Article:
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DHHS Announces First Human Case of EEE This Season
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(603) 271-9388

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Publish Date:
August 22, 2014

Concord, NH – The New Hampshire Department of Health and Human Services (DHHS) is announcing the first human case of Eastern Equine Encephalitis (EEE) this season in an adult from Conway. The most recent previous human case of EEE in New Hampshire was confirmed in 2009. Also four additional mosquito batches were found to be positive in New Hampshire today; two in Derry and two in Candia. Three of these batches were bird biting mosquitoes indicating an increase in EEE activity in the bird population. One of the batches was a mammal biting species which increases the risk of additional human or veterinary cases of EEE.  This brings the total of EEE mosquito batches identified this season to five. There have been no West Nile Virus positives yet this year. 

In 2013, there were 27 positives for EEE, including 24 mosquito batches and 3 animals. EEE and WNV are transmitted by the bite of infected mosquitos. This human finding will change the arboviral risk map for Conway to high and the surrounding municipalities of Chatham, Bartlett, Hales Location, Albany, Madison, and Eaton to moderate. The risk level in Derry will remain at moderate. The risk level for Candia will increase to moderate.

“This positive is at about the same time as the previous EEE patient identified in 2009,” said NH Public Health Director Dr. José Montero. “There is no way to know where exactly this individual was infected, but we do know that both of these diseases are present in New Hampshire so it is important that everyone remember to take steps to prevent mosquito bites to themselves and their loved ones.”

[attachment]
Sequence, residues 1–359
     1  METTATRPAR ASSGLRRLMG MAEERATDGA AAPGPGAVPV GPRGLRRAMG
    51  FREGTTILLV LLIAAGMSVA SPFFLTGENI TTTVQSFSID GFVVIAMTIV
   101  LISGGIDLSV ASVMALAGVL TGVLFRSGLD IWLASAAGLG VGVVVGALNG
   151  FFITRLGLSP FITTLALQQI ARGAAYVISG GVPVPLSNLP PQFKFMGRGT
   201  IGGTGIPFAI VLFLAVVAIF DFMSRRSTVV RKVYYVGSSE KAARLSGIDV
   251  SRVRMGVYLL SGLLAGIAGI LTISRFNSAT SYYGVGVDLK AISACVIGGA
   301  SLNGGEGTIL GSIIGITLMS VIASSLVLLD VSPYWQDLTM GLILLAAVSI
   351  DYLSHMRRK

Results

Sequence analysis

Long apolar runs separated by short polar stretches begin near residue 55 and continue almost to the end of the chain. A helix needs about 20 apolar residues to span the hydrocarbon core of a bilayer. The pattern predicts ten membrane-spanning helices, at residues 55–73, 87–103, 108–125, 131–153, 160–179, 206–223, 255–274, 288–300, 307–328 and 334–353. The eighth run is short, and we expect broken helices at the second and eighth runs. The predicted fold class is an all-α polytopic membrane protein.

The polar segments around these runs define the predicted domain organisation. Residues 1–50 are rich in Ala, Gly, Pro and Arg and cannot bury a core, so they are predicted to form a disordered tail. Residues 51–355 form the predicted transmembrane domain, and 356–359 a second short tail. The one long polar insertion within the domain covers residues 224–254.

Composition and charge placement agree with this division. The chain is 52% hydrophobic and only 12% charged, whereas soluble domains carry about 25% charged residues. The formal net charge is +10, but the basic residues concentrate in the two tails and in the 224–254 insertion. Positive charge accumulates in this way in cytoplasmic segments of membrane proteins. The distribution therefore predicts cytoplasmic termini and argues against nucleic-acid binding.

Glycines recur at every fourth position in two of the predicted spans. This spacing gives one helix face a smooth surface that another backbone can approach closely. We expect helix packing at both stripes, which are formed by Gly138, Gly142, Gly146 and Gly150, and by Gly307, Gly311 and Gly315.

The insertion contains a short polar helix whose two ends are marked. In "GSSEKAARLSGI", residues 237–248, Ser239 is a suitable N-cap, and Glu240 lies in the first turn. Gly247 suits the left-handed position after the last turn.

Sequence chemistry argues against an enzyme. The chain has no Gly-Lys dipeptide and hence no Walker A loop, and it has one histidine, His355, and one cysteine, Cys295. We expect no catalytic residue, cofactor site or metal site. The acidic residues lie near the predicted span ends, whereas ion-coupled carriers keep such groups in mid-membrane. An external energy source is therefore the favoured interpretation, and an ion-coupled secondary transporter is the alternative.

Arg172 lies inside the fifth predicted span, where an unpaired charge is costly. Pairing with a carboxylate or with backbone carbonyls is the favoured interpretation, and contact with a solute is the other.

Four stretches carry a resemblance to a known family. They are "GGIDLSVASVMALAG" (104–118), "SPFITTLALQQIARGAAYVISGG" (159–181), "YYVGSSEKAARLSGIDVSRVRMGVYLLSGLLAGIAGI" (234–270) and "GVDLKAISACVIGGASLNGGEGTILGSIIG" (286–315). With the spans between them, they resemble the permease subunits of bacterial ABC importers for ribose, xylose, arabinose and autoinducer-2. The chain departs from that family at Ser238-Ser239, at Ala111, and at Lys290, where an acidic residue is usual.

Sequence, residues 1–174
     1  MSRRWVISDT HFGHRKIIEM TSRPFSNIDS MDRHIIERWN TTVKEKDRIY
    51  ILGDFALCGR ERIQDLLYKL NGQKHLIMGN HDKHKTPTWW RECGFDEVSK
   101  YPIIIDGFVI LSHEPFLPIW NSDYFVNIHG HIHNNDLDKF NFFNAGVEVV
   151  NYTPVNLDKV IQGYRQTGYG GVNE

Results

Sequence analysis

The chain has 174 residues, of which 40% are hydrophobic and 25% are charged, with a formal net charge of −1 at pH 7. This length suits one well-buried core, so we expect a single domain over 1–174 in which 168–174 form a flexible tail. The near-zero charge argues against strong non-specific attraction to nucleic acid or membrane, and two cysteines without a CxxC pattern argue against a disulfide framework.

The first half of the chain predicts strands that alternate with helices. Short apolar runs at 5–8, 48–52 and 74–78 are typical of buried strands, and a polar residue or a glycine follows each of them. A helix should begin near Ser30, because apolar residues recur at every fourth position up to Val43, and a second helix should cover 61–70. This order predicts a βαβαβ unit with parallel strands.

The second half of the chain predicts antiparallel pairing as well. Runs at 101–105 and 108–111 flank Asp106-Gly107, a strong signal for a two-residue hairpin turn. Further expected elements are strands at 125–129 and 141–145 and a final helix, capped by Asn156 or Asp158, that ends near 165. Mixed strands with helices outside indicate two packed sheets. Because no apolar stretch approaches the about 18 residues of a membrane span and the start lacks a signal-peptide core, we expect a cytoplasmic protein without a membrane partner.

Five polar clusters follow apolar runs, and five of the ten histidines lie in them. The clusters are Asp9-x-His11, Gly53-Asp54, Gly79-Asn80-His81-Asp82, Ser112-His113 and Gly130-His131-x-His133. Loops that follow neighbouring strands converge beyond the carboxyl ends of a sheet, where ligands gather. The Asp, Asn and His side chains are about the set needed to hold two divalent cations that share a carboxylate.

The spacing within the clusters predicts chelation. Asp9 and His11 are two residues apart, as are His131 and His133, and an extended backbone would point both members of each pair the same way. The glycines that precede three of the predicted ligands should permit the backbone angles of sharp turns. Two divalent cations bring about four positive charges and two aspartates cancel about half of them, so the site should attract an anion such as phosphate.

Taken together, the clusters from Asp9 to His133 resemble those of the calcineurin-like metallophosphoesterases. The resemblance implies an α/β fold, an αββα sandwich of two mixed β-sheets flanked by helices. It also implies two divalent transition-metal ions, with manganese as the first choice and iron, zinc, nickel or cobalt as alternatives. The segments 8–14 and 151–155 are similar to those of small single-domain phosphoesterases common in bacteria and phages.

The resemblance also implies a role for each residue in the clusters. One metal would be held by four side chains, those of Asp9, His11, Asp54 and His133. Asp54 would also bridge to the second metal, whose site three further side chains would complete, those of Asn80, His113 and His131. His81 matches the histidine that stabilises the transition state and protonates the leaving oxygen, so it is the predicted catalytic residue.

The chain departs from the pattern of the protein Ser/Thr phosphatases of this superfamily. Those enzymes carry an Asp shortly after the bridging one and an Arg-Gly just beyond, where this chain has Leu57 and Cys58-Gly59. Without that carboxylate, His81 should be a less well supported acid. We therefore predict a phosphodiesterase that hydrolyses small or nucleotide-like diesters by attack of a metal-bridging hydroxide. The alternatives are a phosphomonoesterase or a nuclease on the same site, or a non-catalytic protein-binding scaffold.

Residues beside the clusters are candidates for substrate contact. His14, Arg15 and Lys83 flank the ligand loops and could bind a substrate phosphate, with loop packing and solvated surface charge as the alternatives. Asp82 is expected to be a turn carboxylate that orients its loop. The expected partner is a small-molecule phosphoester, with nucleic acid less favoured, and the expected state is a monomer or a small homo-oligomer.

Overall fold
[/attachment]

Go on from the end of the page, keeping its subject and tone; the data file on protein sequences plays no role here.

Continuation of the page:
Symptoms of EEE disease often appear 4 to 10 days after being bitten. If you or someone you know is experiencing flu-like symptoms, including fever and headache, contact your local medical provider. EEE is a more serious disease than WNV and carries a high mortality rate for those who contract the serious encephalitis form of the illness. Symptoms may include high fever, severe headache, stiff neck, and sore throat. There is no specific treatment for the disease, which can lead to seizures and coma.

You can protect yourself and your family from WNV and EEE with a few simple steps, such as using effective mosquito repellant, wearing long sleeves and pants at dawn and dusk when mosquitoes are most active, removing standing water from around your house so mosquitoes do not have a place to breed, and by checking doors and windows to ensure screens are in place and in good condition to prevent mosquitoes from entering your home. 

For more information about EEE and West Nile Virus visit the DHHS website at http://www.dhhs.nh.gov/dphs/cdcs/arboviral/index.htm and the Centers for Disease Control and Prevention website at www.cdc.gov. For questions contact the DHHS Bureau of Infectious Disease Control at 603-271-4496.

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New Hampshire Department of Health and Human Services
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